We’re all seeking a toothpaste smile, more than ever. But some Flemish people still accept their imperfect teeth. What’s more: they cherish their teeth. Even if it is crooked, or there is a crack. Flora, Angie and Laura smile widely. “My teeth are an asset to my career.” But how does their environment respond?
“In primary school, I was often asked about the gap between my teeth,” says midwife Flora Baillieu, 34. “They sometimes called me Guy Verhofstadt. But my ‘cleft smile’ became my calling card. I was always cheerful and was never insecure about my teeth. A few years ago, it was all the rage and I received compliments on my ‘British look.’
“Years ago, my boyfriend fell deeply in love with me, precisely because of that magical gap between my teeth,” says Flora. “We always had a secret hope that our future children would inherit that family trait. After all, my father had similar teeth. When my son Bob’s first teeth came in, we were ecstatic: just like my mother, he had a gap between his front teeth.
“I realize that not everyone finds my teeth equally charming. I also hope that Bob will never be harassed because of his cleft. Let’s say he later decides to straighten his teeth, I won’t have a problem with it. I like to see him as he is: with or without a gap between the teeth.”
Angie’s mother did not have enough money to buy expensive braces. “Now my teeth are part of me”
Mum-of-two Angie Willekens (39) also accepts her flaws. “My teeth have always had a mind of their own. The dentist used to say, to my mother’s delight, that my mouth is too small for my teeth.
“My mother was a single woman and there was not enough money to buy expensive braces. But our dentist never gave me the feeling that something was wrong with my teeth. Even though my teeth are crooked, I always receive compliments on how strong they are: until now I have not I have almost no problems with my teeth.
I don’t find many pictures of myself with a big smile. Strange, because I’m not ashamed
“I realize that my teeth are not perfect, like those of many others. Although I never feel insecure about it, I have recently noticed that I often laugh unconsciously with my mouth closed. I don’t find many photos of myself with a big smile.
“Crazy, because after almost forty years I can say with certainty that my teeth are a part of me and that I am not ashamed of them at all. Nowadays, we focus on perfection, while sometimes a little imperfection is more beautiful. So it’s time to smile.” And I expose my teeth a little more.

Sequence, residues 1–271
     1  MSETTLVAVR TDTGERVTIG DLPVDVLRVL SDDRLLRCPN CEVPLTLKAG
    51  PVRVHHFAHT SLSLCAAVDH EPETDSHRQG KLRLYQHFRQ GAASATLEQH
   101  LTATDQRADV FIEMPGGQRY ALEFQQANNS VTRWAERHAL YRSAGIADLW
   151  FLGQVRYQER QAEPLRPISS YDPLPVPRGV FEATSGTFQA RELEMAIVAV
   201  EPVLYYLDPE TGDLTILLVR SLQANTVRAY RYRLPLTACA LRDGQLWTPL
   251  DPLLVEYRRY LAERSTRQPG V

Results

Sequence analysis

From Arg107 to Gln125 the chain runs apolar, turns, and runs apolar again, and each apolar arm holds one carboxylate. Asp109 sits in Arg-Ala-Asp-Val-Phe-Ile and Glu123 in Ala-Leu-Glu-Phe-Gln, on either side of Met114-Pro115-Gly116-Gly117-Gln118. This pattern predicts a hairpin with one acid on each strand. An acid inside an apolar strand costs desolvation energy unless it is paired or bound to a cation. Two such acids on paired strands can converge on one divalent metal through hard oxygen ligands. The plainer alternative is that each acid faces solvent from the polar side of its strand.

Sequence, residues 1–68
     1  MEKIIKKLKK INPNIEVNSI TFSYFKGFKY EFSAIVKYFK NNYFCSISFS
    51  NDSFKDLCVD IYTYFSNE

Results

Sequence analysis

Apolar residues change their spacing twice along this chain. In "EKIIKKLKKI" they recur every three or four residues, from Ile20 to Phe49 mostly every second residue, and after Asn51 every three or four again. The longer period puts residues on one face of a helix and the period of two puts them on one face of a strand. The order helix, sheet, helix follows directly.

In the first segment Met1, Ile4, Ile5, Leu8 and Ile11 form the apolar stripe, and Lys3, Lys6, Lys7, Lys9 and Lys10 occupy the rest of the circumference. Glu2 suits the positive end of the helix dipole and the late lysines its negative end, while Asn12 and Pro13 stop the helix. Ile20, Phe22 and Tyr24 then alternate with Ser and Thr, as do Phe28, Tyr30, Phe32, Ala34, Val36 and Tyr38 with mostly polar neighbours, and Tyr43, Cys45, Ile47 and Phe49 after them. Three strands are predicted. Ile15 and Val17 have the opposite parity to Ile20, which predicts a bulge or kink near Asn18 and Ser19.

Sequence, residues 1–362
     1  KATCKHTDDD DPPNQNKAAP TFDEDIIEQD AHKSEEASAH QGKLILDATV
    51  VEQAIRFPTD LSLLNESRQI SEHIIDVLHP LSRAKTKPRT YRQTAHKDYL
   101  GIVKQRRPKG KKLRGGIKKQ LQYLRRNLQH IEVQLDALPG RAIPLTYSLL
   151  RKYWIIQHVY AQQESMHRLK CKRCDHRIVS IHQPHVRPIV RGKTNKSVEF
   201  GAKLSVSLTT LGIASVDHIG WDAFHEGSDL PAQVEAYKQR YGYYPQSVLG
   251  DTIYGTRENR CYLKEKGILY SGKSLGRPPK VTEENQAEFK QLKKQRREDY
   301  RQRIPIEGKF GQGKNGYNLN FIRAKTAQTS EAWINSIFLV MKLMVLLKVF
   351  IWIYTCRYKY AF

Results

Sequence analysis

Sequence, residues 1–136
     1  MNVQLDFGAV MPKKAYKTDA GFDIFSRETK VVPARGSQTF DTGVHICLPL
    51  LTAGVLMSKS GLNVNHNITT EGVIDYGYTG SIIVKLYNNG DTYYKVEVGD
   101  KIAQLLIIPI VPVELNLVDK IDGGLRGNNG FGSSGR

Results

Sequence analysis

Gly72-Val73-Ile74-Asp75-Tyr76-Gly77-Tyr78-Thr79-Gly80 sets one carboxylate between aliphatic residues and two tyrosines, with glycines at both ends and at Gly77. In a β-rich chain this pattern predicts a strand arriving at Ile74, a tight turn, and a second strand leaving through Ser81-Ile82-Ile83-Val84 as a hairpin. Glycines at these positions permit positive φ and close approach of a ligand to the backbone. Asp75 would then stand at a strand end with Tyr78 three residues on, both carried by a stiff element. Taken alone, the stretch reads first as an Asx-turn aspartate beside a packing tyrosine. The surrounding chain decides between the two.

Laura (25 years old): “Even my false teeth have to have a gap later”
Laura Vanbee (25) is a make-up artist and is proud of her tooth gap: “I was born with this unique gap between my teeth. Because of a defect in my mouth, I had one between my baby teeth. I really didn’t want to have surgery for aesthetic reasons. My parents never pushed me “Also. They think that hole in my smile is one of the most beautiful things about me.”
“It has always been a childhood dream of mine to become a makeup artist, and my imperfect teeth have never stopped me from achieving that dream. No, even I have noticed over the years that it is a real asset. Artists often ask me to collaborate, precisely because of my genuine smile.
“Of course in the fashion and film industry where I work, I see a lot of perfect teeth. Actors, models… they all have a smile that is as straight as toothpaste. And although there is nothing wrong with this ideal of beauty, I see no reason to conform to it.” “Even my dentures have to have a gap between the front teeth later. Because that makes me 100% Laura.”
How does an orthodontist view imperfect teeth?
Orthodontist Charlotte van Elst (37) has been active in her practice for ten years. “Society is changing: we look at ourselves more often, whether on screen or not. As a result, I see an increase in the number of patients who come for aesthetic reasons.
“Is our help always needed? If the patient has problems, and this can also be due to uncertainty, I see treatment as an asset. Is it just about the beauty ideal, and there is nothing functionally wrong with the teeth? Then I do not recommend an operation “Surgery. A healthy mouth is much more important than a perfect smile. But the choice remains for the patient.”
“Ultimately, your smile affects your self-confidence,” says the orthodontist. “It has been scientifically proven that more than eighty percent of people look at their teeth for the first time when they first meet them. But I also believe that you can radiate self-confidence by being proud of your imperfect teeth.”
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